By Amy Silverman
By Olivia LaVecchia
By Monica Alonzo and Stephen Lemons
By Chris Parker
By Michael Lacey
By Weston Phippen
Despite a four-page, single-spaced letter of demand for retraction and damages in which Dowd characterizes the story as "ugly and unforgivable," Dowd himself confirms the September 20 meeting and its subject matter: "On September 20, 1991, Jim Vieh met with Alfred Byrne, chief counsel of the Federal Deposit Insurance Corporation; Mr. James Roether, counsel to the Resolution Trust Corporation; and a representative of the Inspector General," wrote Dowd.
"Mr. Vieh demanded the meeting to address the false allegations in the press about Governor Symington. Mr. Vieh furnished a memo to Mr. Byrne addressing all allegations in the press." Well, the "allegations in the press" were the allegations in the RTC memo. Most of these same allegations became the basis for the lawsuit.
Responding to Dowd's correspondence on January 22, Tribune attorney Dan Barr said, "What Dowd complained about are facts that were not only true, he admitted they were true in his own letters." Dowd argued that there should have been a second meeting, that government lawyers even agreed to, and then reneged on, a second meeting and that it just goes to show, well, something when a second meeting didn't occur.
After enough of this debate your eyeballs begin to rotate. The governor claimed no meeting ever occurred when, in fact, one did. After news of that meeting was printed, Dowd insisted the government of the United States should have held Fife Symington's hand through a second meeting, ignoring the fact that no meeting, whatsoever, was mandated by statute.
You spend enough time in the company of Mr. Dowd's Chinese-water-torture tactics and you begin to understand why Meyer Lansky died rather than take any more of it.
@body:The relentlessness that Dowd demonstrated in the Rose case, the ability to focus upon and magnify minutiae he showed in the Kelley investigation, combined with his muscular approach to libel--it all was coming together for Symington's benefit.
Two days after the conference where Dougherty was bounced off the story, Symington and Dowd walked into the U.S. House of Representatives.
In order for Symington and Dowd to advance the case for the governor's innocence in the Southwest Savings and Loan collapse, it would not be enough to contain the press.
Congress, which had legislated the S&L fiasco, now wanted to know what went wrong. As a high-profile example of the industry's problems, Governor Symington was called to testify on the Esplanade deal. While Dowd could not threaten representatives and senators with litigation the way he did the press, he understood that the February 20 appearance in the House was as much an opportunity as an obligation. The two did not lack for gall.
Amid a blizzard of documents Symington and Dowd obscured critical details and focused upon irrelevant trivia. They were like a Biblical development team from Babel.
After media coverage, Congress represented Symington's second front in the savings and loan debacle. At the conclusion of their appearance on the Hill, Dowd and Symington had vanquished their Congressional critics and press headlines shouted their victory. In the performance orchestrated by Dowd, the politicians and the journalists lost sight of the issues. Because Symington sat on the board of Southwest Savings and Loan, he could not have the S&L invest in his Esplanade project without approval from regional regulators in San Francisco.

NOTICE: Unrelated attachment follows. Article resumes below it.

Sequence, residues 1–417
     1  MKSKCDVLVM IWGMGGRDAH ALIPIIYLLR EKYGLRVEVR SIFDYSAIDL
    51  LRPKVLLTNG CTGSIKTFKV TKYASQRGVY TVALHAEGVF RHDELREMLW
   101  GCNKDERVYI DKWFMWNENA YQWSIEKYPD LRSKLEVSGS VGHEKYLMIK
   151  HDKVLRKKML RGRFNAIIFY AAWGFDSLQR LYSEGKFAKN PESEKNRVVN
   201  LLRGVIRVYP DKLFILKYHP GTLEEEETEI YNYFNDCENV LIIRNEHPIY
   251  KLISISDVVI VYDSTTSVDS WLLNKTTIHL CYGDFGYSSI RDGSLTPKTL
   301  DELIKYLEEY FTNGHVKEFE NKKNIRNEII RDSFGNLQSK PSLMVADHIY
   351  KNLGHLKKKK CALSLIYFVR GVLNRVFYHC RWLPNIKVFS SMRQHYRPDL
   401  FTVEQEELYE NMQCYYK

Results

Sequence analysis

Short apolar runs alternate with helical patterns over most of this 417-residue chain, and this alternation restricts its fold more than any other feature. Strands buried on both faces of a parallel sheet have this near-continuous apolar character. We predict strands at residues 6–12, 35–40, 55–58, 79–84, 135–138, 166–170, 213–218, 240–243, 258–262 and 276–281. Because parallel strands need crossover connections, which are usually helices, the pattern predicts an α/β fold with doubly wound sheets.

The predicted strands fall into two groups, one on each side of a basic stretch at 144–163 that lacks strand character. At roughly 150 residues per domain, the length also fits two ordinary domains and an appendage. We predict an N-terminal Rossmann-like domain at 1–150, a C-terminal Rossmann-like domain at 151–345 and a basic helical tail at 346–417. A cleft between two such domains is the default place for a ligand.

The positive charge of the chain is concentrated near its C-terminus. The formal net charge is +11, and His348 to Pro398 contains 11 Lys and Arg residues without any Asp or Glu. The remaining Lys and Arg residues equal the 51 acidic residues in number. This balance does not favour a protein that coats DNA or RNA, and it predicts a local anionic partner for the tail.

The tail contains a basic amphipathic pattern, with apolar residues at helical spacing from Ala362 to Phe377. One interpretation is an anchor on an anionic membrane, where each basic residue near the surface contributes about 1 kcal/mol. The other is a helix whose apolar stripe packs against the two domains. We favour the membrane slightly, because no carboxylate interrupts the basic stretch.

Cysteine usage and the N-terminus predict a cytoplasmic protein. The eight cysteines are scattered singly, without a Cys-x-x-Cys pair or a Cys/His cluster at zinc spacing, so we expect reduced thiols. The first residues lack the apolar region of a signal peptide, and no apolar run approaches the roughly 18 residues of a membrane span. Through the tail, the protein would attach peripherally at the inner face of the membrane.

To demonstrate Symington's compliance, Dowd dumped 17 and a half pounds of documents on each politician's desk.
Through page after countless page, from one exhibit to another, Symington and Dowd argued that they complied with federal conflict of interest regulations.
The governor's papers included written answers and indexed records provided to the chairman and each member of the House subcommittee on General Oversight and Investigation of the Committee on Banking, Finance and Urban Affairs. The avalanche of paper obscured the fact that Symington had neither the required audit nor written approval of federal regulators before embarking on the Esplanade deal.
Symington told Congress that, "Prior to the acquisition of the Camelback property, Donald Lewis, then CEO of Southwest, had discussions about Southwest's participation in the SSH Venture with Jack Pallen, then principal supervisory agent assigned to Southwest by the Federal Home Loan Bank Board . . ."
The regulations don't say anything about discussing the deals prior to acquisition. The regulations say specifically the deals must be approved "in advance" and "in writing."
This wasn't a yard-sale purchase of used lawn furniture contemplated by Southwest Savings and Loan. Symington was trying to engineer one of the largest commercial developments in the history of Phoenix. You cannot get federal regulatory approval of such a complicated deal by "discussing" the highlights over a few martinis and a couple of big cigars.
Even so, Symington secured Southwest's vote on the deal before he asked for regulatory approval. Symington told Congress how he met with the FHLBB in November to explain the Esplanade deal and how Southwest wrote to the FHLBB on the matter in December.
By November and December of 1983 the deal was done. Southwest Savings and Loan had voted to capitalize Fife Symington's Esplanade project on September 21, 1983. By November and December of 1983 Symington was attempting to get the federal government to "back date" approval. Symington did not obtain "prior written approval" of the Esplanade project. The violation was flagrant and clear.